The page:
You could further narrow that list to a top 2-5 throw to focus on with any of the following selection criteria:
1) Simply go in order of how the throws are presented within the Gokyo, which is a surprisingly reasonable choice for all levels of players, or
2) Start with the top 2-5 throws that seem to come most naturally to you, or
3) Start with top 2-5 throws that are used most often by top Judo players with your body type and weight class, or
4) Start with the 2-5 throws that are your Judo teachers best throws that they know really well, or
5) Start with 2-5 throws off any of the several top ten scoring throws in Judo lists etc that work well in combination with each other. This final type of approach usually includes being able to hit Osoto Gari from both sides, and being able to hit a switch side Osoto Gari as the person withdraws one leg to defend the first attack, combined with either a strong seoi nage or uchi mata, and at least one other ashi-waza technique, or
6) Focus on ashi-waza, particularly de ashi barai, kouchi-gari, ouchi-gari, osoto gari, and Sasae, if you want to learn a subtle, timing based, and upright style of Judo, or
7) Focus on the now forbidden free style wrestling in a Gi style of Judo, by focusing on double leg takedowns, single leg take downs, ankle picks, a sacrifice style firemen's carry, and basic hip throws, or
8) Focus on a Sambo style of Judo, using the Georgian Grip Harai Goshi/Osoto Gari/Inside Trip/Thigh Lifts, and the Eastern European Judo style grip Sumi gaeshi, and dumps, or
9) Focus on sacrifice throws if you hate risking being thrown, ie sumi gaeshi, sacrifice style fireman's carry, yoko gake, tani otoshi, and yoko tomonage, or
10) Focus on Greco Roman / Mongolian style body lock throws including kosoto gari, and all kinds of body lock dumps, back arch throws, arm drags arm spins, ippon seoi nage with and without the mongolian finish.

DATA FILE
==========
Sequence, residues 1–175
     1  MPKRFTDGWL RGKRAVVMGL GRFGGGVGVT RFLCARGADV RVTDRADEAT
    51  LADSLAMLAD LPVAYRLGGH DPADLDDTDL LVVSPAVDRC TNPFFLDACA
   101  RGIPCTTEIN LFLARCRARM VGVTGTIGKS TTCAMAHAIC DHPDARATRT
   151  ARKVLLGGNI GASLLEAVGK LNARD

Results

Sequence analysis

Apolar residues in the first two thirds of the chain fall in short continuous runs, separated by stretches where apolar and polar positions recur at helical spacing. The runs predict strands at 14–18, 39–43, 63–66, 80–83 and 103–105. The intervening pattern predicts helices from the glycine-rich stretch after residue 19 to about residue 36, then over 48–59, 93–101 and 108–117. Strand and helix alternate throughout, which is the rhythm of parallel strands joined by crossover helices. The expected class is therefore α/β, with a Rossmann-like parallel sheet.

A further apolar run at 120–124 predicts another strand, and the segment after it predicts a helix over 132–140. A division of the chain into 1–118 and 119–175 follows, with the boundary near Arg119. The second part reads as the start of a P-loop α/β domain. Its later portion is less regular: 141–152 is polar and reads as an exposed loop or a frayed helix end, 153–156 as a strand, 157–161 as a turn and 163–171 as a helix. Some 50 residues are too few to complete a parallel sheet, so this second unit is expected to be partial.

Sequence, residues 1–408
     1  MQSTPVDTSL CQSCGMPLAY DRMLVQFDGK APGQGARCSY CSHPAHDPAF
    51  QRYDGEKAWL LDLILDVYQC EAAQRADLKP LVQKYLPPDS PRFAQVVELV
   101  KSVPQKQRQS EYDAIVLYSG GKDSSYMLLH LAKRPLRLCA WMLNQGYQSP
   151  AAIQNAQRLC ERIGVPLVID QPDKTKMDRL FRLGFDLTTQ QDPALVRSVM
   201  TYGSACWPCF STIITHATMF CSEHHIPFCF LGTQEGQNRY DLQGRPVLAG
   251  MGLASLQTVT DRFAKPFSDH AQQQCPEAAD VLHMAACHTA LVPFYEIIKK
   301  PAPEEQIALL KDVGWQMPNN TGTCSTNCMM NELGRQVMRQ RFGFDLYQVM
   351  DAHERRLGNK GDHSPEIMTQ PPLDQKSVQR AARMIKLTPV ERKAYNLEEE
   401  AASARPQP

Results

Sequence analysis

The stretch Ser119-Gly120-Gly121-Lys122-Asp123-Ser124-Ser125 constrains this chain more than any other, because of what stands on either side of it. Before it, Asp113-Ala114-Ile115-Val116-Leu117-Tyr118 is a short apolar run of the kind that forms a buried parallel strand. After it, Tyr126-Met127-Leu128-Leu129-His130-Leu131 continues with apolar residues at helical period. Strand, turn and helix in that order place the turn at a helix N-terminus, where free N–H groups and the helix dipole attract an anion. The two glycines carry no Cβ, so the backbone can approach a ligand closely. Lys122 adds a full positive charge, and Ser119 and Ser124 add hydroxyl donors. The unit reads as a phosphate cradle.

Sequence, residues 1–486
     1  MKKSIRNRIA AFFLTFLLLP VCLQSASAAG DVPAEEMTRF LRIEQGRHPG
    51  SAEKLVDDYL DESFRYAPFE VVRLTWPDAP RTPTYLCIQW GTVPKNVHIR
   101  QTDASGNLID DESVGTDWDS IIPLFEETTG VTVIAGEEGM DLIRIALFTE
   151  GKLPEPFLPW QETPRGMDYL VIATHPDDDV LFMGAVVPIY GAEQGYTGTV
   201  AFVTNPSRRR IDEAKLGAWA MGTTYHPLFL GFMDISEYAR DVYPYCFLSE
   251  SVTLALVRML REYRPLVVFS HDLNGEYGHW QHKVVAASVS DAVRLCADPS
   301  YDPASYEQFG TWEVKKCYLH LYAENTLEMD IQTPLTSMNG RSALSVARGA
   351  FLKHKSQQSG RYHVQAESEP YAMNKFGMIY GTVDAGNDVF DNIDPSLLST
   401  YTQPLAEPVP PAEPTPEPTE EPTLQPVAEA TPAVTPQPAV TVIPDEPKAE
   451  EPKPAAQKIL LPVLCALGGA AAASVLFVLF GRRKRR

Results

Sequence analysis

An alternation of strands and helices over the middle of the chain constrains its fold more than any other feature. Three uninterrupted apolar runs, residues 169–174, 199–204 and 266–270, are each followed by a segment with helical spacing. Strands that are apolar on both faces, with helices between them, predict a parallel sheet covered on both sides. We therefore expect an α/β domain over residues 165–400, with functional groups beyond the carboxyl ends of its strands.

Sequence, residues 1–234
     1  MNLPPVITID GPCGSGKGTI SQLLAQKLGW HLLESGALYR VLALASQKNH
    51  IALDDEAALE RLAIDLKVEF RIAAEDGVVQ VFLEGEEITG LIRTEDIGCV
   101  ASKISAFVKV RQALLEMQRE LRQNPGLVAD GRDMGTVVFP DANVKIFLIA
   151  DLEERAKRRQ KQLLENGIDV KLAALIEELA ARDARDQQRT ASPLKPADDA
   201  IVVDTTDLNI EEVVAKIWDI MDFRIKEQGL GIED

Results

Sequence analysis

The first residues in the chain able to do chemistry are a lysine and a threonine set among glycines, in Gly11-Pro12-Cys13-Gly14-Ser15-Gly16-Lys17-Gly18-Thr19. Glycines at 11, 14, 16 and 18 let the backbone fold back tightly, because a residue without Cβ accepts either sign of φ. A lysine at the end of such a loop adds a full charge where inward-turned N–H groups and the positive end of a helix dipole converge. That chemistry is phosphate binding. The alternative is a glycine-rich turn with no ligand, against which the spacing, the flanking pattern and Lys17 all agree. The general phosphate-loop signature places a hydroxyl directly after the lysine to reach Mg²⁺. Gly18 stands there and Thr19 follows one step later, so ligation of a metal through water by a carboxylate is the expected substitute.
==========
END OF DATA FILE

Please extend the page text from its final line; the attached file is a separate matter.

11) Maybe you are a heavy weight, and this is why O guruma was in your original repertoire. In that case, I recommend you read the Great Yamashita's masterclass Judo book and watch Yamashita Judo videos. He used Osoto Gari, Ouchi Gari, Uchi Mata, and sasae to great advantages. We do see some heavy weights hitting O garuma and Ashi garuma type throws, though.
12) Or you could decide to be yet another Judoka who focuses on Seoi Otoshi, which is a throw that many people specialize in at all levels due to it's ease of use.

So many choices, so many flavors of Judo, so many body types and weight classes, and...

Pick an approach that your Judo teachers agree with and can help you with, and go have fun!

I think you have to ask what the OPs primary purpose is to learn Judo. That would narrow the choices a bit.
1.) Reasonable, I typically start with De Ashi Barai, Ouchi Gari, O Goshi, and Kouchi Gari. I have falling skill progressions that end up there.
2.) For an average sized person, it's not an issue, but with say, a tall person in a class of short folks, it makes a difference for sure. I've had that happen quite a bit. For sure you have to go with what is the least awkward possible.
3.) Ugh, I don't think so. Pedagogically that's not a good idea.
4.) Ugh, only if they suck as a teacher and you have no choice. I teach my students to do many, many throws better than I ever could, especially in competition.
5.) Really, start with the top 10 list ? I suppose that would be a choice out of the first 16 of the Gokyo, so not so bad, and the principle you are getting at is solid.
6.) Those are decent choices, but not for the reason you give. Upright, timing based Judo IS Judo, in the "classical" sense, although not the only effective one, it's the purest form of physical Judo.
7.) Only if doing BJJ or wrestling, not for modern competition, or even "normal" judo training.
8.) Same thing, if he is interested in competing in "normal" judo competitions. Don't get me wrong, I'm not a snob, but it all depends on what the OP wants to end up doing.
9.) Pedagogically unsound to say the least. Sutemi waza are the most subtle, difficult throws to do well.
10.) See 7.)
11.) O Guruma, really ? For a beginner, heavyweight tor otherwise ? I agree, you see it in high level comps, but it's the end of a long process, not the beginning...
12.) Easy to use, maybe, because it's so easy to do poorly and still throw unsuspecting noobs. Poor overall pedagogical choice as well.

So, to be clear, I'm not a one size fit's all kind of judo teacher. I do think that the "basic" "style" of Judo is pretty much a general, all purpose way to learn grappling. I base that on the fact that it is based on the "upright" style, i.e., shizenhontai, AKA fundamental natural posture. Given an equally sized uke, different body shapes and sizes can be accommodated when learning basics.

The one in which the human body functions most efficiently.

Judo groundwork has it's issues, but is sound as well, although of course restricted in submissions to elbow and chokes, more or less. Of course, there is not any emphasis on avoiding getting punched in the face as a fundamental, LOL !